Brock researcher presents findings on aphasia in courtrooms

Even in a court of law, people with aphasia are often believed to have diminished mental capacity. It’s a common misconception about the communication disability, even though it doesn’t typically affect an individual’s ability to reason or make judgments.

Brock University researcher Richard Welland’s recent study on aphasia in a courtroom context highlights the need for building understanding of communication disabilities, especially adult-onset conditions like aphasia.

May is Speech and Hearing Month in Canada, a month devoted to increasing public awareness of communication health issues.

Welland, an associate professor and speech-language pathologist in the Department of Applied Linguistics, recently attended the Speech-Language and Audiology Canada conference to present his research.

Aphasia is a communication disability that affects language comprehension and production. It is most often the result of a stroke damaging the brain’s language network.

Ranging from mild to severe, aphasia can interfere with a person’s ability to apply rules of language when listening to and speaking to others.

Welland first became interested in aphasia in courtroom settings after reading about the case of Regina vs. W. H., a man accused of sexual molestation in 2006. Before his trial, W. H. suffered a stroke and developed severe aphasia.

When severe, aphasia can mask the person’s ability to demonstrate competency.

Although nurses and a social worker testified that they could communicate with W. H. by adapting the length of their questions and using gestures, a psychiatrist and psychologist both claimed that his aphasia made him unfit to stand trial.

“The judge accepted their testimony and rejected W.H.’s alternative communication modes of gesture and short verbal responses — without any testimony from a speech-language pathologist, the most appropriate professional to assess a person with aphasia,” Welland notes.

“As a result, W. H.’s alleged victims were denied the opportunity to give their testimony against W. H., and W. H. was denied the opportunity to clear his name.”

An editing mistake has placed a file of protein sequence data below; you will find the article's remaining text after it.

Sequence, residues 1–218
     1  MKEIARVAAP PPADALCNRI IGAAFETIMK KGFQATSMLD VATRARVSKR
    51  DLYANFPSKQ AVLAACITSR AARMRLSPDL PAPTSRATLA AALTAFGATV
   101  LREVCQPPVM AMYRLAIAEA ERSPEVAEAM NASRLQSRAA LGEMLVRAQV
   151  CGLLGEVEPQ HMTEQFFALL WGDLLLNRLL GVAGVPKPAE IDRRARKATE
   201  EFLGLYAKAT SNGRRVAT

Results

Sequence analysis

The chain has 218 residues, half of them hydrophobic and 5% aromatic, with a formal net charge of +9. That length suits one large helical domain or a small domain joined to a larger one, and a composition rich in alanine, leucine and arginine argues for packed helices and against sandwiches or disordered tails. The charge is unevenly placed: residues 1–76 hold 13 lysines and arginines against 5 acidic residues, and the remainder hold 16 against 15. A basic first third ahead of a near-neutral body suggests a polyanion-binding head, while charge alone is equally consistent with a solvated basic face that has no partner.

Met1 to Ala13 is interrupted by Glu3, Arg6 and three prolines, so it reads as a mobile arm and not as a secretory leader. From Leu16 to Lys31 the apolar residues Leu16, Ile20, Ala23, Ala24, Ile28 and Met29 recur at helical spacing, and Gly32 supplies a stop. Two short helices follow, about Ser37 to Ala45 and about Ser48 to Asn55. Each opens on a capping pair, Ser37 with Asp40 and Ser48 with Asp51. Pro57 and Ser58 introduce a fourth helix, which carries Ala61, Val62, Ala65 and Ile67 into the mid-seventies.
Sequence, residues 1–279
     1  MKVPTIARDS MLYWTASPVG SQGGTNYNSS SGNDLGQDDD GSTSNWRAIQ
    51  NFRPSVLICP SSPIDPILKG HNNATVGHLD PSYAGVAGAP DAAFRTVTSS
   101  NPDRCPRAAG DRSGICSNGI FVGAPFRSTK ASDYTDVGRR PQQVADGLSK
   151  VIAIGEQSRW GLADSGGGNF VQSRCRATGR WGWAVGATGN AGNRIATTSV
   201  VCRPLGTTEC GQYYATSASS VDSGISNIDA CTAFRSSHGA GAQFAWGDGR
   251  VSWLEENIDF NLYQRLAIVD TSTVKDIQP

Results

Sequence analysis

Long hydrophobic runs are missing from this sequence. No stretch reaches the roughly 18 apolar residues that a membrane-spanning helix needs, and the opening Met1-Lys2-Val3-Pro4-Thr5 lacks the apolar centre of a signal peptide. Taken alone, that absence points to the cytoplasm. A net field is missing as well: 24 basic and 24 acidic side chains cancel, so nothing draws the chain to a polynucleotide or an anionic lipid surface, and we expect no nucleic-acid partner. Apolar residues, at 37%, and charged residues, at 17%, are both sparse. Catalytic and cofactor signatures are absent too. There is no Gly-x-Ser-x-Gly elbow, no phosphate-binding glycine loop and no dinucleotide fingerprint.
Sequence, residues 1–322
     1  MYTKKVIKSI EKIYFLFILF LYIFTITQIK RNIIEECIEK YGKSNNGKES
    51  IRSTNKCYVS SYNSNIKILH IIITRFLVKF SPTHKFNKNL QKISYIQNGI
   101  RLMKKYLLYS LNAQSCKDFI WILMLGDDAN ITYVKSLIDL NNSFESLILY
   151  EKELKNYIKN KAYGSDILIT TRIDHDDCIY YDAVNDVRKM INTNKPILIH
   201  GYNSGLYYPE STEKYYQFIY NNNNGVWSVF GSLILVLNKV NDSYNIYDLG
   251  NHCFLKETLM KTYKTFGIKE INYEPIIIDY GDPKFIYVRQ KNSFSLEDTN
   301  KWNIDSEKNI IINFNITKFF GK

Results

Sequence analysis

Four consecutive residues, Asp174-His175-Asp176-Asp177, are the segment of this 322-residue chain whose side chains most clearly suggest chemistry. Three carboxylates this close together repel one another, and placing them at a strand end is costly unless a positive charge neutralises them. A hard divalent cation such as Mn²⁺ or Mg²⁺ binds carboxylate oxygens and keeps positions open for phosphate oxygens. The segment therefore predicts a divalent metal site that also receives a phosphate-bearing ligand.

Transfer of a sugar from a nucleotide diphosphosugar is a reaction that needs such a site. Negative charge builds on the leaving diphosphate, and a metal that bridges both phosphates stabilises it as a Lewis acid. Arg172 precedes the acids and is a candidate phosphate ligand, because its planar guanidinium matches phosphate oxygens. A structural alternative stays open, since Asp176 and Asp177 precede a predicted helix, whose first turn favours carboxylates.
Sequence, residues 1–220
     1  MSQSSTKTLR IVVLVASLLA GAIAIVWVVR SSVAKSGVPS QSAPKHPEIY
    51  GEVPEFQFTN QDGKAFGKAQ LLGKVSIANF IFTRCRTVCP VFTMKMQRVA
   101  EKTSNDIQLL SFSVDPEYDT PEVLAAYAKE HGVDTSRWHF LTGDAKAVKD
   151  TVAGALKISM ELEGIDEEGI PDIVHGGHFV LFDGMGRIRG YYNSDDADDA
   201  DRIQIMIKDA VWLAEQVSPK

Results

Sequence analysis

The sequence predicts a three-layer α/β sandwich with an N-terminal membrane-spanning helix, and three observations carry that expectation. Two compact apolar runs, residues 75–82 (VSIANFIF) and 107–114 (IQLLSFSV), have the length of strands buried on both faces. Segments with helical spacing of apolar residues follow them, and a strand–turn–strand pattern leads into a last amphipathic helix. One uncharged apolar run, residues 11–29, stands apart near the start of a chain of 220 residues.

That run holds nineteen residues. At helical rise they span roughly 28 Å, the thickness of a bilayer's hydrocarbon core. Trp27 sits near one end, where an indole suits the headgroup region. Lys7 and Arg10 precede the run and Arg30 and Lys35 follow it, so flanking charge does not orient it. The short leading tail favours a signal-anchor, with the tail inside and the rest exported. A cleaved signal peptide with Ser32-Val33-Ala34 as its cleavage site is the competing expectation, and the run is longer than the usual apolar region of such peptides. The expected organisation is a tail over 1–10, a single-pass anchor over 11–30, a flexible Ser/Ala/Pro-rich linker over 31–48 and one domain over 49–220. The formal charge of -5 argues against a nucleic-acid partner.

Welland went on to review 26 more court cases involving persons with aphasia. He found that few judges or lawyers understood that for most people with aphasia, there are ways to communicate that do not compromise the admissibility of their testimony. Furthermore, only two of the 26 cases included testimony from speech-language pathologists.

The lack of expert involvement is an issue. Studies show that although 65-68 per cent of health-care professionals (including medical doctors) are aware of aphasia as a condition, only 10-23 per cent of them have a basic knowledge of what the condition entails.

That level of understanding is only slightly better than that of the general public, which ranges from one to 10 per cent.

“When severe, aphasia can mask the person’s ability to demonstrate competency. In the courtroom, lawyers and judges can misinterpret language difficulties as a lack of mental capacity, an attempt to mislead the court during testimony or to hold up court proceedings, or a way to avoid punishment,” Welland explains.

“Speech-language pathologists can assess the communication disabilities associated with aphasia and recommend ways to accommodate them that are applicable to the courtroom.”

Although exact numbers of people living with aphasia in Canada are unknown, international studies have shown that roughly one-third of stroke survivors have aphasia. In 2016, the Heart and Stroke Foundation of Canada estimated that some 400,000 stroke survivors live across the country, suggesting that roughly 120,000-140,000 Canadians may experience the effects of aphasia.

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